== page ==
Are we moving into an era of quantified virtual attention and influence where your persona online supersedes, surpasses and usurps your offline worlds reality.
Social media allows us to quantify attention at a level never seen before that caresses and strokes the ego in a manner that has been shown to be both compelling and addictive, this is one of the drivers for visiting social media sites,writing and developing free content in text, images and video that is driven in part by the attention that it brings and the ability then to quantify that attention. As in most modern societies, we are in most part freed, from the striving for the lower levels of Maslows hierachy of needs of survival and safety. So we are then liberated to find love, belonging, esteem and self actualization that this social media quantification attempts and allows us to measure.
Esther Dyson says in her article in the Huffington Post
“So what is this fascination with numbers? Is it some latent human information-explosion handling technique that is now being challenged by the proliferation of information online and extended by all the quantification tools that are emerging? Like so many of our human traits, is this a good trait that can be turned into a bad one if it turns from a constructive urge into a pointless obsession?
From a business point of view, this is a valuable new source of unique content: It’s a continuing challenge to keep readers from shifting from one source of content to another, but if you provide them tools to manage content about themselves, it’s much easier to keep their attention and even their loyalty.”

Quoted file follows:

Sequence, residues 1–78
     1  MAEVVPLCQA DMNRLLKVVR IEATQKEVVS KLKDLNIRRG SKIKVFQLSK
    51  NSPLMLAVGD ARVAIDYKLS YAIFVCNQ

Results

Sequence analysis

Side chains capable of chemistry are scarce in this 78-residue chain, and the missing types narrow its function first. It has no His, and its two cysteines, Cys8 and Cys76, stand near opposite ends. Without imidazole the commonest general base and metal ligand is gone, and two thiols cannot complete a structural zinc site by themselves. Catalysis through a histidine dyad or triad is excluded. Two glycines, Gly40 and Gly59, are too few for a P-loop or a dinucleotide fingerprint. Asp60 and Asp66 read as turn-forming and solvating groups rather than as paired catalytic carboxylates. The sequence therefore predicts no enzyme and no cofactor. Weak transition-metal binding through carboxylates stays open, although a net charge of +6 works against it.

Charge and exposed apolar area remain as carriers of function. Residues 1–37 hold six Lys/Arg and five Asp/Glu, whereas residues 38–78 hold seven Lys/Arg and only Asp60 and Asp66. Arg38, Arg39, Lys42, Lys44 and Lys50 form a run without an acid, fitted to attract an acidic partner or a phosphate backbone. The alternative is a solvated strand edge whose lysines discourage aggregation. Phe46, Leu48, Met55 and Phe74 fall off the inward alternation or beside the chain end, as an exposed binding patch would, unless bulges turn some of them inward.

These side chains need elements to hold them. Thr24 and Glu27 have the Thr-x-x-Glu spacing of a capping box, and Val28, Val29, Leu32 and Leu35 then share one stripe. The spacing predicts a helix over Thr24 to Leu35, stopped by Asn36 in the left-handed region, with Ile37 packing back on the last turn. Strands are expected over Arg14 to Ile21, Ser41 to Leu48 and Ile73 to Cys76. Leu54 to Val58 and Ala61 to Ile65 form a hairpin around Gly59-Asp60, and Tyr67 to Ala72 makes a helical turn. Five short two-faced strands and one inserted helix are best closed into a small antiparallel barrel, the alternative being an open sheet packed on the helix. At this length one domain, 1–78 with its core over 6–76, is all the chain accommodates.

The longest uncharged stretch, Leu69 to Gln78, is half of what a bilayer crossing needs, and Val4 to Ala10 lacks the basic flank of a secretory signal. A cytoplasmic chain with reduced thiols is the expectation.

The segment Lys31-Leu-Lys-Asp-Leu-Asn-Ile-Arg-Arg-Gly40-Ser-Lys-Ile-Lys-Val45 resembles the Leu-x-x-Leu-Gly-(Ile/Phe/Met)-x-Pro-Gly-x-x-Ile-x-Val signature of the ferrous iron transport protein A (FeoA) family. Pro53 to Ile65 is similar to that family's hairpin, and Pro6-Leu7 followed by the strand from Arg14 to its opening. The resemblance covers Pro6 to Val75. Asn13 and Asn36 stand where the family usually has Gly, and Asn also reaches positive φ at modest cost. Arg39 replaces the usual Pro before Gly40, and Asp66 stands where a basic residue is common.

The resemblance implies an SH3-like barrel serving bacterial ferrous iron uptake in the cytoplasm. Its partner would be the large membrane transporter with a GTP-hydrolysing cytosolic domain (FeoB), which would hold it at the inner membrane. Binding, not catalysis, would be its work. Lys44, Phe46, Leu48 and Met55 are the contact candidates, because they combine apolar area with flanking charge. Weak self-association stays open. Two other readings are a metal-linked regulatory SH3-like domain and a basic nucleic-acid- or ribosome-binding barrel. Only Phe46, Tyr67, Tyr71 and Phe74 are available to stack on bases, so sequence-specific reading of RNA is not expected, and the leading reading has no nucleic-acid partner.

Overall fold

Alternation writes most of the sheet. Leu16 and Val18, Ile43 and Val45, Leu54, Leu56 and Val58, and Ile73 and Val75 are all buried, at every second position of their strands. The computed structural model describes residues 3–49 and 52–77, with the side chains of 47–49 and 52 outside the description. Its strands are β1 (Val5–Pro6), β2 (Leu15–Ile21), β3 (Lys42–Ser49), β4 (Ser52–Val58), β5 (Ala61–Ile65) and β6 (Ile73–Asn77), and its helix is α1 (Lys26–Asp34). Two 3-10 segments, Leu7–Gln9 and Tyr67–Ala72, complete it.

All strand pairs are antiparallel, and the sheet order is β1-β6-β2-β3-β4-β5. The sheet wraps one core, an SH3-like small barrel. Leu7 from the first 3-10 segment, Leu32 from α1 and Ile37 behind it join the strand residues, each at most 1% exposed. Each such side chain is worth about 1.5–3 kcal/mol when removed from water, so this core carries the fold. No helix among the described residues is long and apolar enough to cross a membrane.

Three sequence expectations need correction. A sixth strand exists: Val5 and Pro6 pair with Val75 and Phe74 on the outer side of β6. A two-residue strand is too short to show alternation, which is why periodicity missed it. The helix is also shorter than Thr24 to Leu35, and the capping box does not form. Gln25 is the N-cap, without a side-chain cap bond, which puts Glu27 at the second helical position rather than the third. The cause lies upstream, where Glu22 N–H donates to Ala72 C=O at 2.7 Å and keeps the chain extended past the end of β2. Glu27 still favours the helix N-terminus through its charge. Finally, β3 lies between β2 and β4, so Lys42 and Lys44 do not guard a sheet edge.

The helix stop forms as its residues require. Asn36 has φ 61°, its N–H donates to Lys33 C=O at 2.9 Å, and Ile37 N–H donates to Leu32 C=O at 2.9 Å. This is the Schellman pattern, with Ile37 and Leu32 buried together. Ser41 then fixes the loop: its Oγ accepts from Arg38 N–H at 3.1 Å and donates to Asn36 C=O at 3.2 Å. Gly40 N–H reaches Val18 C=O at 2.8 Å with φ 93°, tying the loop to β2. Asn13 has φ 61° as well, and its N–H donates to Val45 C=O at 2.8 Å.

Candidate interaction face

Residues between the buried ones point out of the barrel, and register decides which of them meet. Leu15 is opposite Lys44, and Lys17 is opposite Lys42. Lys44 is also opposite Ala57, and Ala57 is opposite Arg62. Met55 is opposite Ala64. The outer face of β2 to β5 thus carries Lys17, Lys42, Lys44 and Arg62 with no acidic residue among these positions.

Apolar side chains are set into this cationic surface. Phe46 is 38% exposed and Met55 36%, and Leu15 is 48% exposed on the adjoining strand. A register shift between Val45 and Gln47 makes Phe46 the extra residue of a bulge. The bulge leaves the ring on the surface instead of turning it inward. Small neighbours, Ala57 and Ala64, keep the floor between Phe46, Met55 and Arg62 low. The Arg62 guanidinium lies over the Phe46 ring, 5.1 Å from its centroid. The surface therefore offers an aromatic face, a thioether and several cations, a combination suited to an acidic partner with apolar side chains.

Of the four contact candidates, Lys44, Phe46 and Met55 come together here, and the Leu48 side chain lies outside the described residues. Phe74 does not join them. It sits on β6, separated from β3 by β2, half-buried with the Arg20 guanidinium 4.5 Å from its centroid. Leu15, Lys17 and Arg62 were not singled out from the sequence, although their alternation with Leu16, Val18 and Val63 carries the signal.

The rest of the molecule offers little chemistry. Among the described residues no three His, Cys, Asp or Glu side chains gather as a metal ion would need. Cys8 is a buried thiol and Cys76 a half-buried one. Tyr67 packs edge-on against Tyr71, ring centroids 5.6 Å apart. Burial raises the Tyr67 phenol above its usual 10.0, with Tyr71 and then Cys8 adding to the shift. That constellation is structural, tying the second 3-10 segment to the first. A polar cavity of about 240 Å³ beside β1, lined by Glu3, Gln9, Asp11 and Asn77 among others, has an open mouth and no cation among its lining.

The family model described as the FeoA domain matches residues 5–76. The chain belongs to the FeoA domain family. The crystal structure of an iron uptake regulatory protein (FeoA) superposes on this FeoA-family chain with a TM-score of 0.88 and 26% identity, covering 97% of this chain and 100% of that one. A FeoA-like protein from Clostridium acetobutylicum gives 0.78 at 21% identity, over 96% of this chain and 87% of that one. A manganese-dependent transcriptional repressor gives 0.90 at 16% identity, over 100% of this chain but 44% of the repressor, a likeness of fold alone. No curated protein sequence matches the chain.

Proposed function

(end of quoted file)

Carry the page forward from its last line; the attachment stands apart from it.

I have noticed that some of my articles such as a recent post “How The Top 500 Fastest Growing Companies Are Using Social Media” that discusses the latest survey statistics and numbers, consistently rate very high in the number of views. It seems quantification is in demand.
Chris Anderson the editor of “Wired Magazine” and author of the book “The Long Tail” and more recently “Free”, suggests that two different economies now exist side by side
- The formal economy of business
- The informal economy of volunteerism” or “free”
The latter is the basis of what he declares to be “an entirely new economic model,” one in which money is “often taken out of the equation altogether.” This is the “amazing gift economy of Wikipedia and the blogosphere, driven by the nonmonetary incentives of
As social networks extend we are starting to keep score in aspects of our lives that we’re once spared from such hyperrational calculating because if you aren’t getting paid in money you need to get paid with something else and that “something” is attention.
“The quantification of attention and reputation is now a global endeavor,” Anderson warns “It is a market we all now play in, whether we know it or not.The implication is that whether we want to or not, we are forced to count up our friends and consider how to cash in on what they represent”.